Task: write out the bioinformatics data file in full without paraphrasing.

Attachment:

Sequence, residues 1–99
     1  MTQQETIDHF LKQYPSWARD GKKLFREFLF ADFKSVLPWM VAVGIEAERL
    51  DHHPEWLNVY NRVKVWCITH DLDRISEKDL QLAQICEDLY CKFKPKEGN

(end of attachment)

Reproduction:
Sequence, residues 1–99
     1  MTQQETIDHF LKQYPSWARD GKKLFREFLF ADFKSVLPWM VAVGIEAERL
    51  DHHPEWLNVY NRVKVWCITH DLDRISEKDL QLAQICEDLY CKFKPKEGN